Quantitative vs. qualitative – do different research methods give us consistent information about our users and their library space needs?


  • Susan E Montgomery




library space, research, quantitative, qualitative


Assessment of how library patrons use space and the evaluation of their needs has become a “hot” topic in library research. But determining the best way to obtain information about their activity can be a challenge. Two types of data collection are quantitative and qualitative. Quantitative data provides a numerical count of what activities students perform within the library and therefore can be measured. Qualitative data gives personal opinions, feedback and individual perspectives regarding a topic but is not measurable. In this study, we were interested to learn if we would get substantially different results from a user observation study, a quantitative method, than from the results of asking users about their library space needs, a qualitative method. Essentially, would the results from both methods provide complementary results enabling us to obtain a comprehensive picture about our patrons’ needs and redesign the space to improve their library experience?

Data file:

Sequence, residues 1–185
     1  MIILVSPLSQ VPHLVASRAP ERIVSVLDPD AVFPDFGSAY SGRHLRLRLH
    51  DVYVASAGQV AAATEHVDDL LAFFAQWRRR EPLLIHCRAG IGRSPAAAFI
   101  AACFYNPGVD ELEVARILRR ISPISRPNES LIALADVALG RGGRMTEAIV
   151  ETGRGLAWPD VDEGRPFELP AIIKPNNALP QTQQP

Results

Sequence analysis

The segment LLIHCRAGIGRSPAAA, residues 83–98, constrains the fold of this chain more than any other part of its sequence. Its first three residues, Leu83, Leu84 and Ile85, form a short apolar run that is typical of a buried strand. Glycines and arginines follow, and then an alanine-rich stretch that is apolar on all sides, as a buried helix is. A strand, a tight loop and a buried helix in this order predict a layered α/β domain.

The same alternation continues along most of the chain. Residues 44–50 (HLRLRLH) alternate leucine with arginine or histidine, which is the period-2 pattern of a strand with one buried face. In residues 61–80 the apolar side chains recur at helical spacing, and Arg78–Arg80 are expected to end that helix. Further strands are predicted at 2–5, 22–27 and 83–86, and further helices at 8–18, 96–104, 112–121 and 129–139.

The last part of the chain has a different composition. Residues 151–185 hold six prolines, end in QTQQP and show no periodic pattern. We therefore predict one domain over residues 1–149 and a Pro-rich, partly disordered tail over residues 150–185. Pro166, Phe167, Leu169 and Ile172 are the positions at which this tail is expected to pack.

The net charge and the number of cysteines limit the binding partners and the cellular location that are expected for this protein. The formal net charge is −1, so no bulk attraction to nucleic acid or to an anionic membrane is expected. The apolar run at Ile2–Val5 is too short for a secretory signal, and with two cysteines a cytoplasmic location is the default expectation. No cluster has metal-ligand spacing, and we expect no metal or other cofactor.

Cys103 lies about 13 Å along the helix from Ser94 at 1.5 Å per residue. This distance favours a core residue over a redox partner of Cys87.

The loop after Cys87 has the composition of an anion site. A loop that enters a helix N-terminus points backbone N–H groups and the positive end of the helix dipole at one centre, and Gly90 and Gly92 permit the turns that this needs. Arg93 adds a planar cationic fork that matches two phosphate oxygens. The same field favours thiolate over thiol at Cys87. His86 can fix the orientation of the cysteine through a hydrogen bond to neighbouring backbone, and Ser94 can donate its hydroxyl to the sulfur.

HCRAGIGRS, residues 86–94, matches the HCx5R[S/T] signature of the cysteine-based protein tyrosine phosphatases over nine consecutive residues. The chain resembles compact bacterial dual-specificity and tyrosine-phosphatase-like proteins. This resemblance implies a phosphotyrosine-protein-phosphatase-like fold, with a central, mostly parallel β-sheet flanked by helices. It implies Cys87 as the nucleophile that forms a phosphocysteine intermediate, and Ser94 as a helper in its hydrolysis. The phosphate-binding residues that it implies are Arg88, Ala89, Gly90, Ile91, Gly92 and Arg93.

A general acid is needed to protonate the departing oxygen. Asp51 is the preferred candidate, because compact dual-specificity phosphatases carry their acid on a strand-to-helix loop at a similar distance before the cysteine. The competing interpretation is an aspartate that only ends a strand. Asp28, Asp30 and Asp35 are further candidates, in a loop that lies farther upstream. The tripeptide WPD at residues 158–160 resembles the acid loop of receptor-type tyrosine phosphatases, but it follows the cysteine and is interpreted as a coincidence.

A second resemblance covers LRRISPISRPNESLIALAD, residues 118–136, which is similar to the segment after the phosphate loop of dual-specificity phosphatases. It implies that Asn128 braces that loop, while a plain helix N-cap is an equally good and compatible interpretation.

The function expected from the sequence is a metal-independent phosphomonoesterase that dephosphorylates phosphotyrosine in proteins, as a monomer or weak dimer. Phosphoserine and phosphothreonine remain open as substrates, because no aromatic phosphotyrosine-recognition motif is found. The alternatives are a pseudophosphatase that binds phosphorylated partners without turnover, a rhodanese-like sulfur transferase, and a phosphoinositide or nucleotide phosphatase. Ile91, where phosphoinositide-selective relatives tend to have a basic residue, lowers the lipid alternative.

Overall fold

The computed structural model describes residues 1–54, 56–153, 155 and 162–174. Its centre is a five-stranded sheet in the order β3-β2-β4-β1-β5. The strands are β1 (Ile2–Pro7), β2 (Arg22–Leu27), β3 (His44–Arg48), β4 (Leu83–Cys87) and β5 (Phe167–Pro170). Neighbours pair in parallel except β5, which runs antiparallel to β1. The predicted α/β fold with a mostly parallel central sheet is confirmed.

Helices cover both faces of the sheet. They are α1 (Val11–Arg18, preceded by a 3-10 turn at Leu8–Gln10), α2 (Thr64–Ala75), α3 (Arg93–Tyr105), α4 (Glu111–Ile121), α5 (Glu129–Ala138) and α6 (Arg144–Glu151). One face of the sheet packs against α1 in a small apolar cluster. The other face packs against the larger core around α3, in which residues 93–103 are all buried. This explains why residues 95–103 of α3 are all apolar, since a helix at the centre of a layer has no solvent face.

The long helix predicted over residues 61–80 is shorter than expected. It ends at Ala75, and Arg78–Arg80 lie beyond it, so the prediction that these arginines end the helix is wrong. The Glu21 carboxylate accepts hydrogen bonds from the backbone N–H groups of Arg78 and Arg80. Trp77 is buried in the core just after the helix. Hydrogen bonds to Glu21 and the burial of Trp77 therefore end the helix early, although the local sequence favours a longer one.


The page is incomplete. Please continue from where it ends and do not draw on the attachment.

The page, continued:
Author Biography

Susan E Montgomery

Olin Library Assistant Professor/Public Services Librarian Susan E. Montgomery is a Public Services Librarian at Olin Library, Rollins College in Winter Park, FL. Her research interests are the user's experience and the library as the third place.






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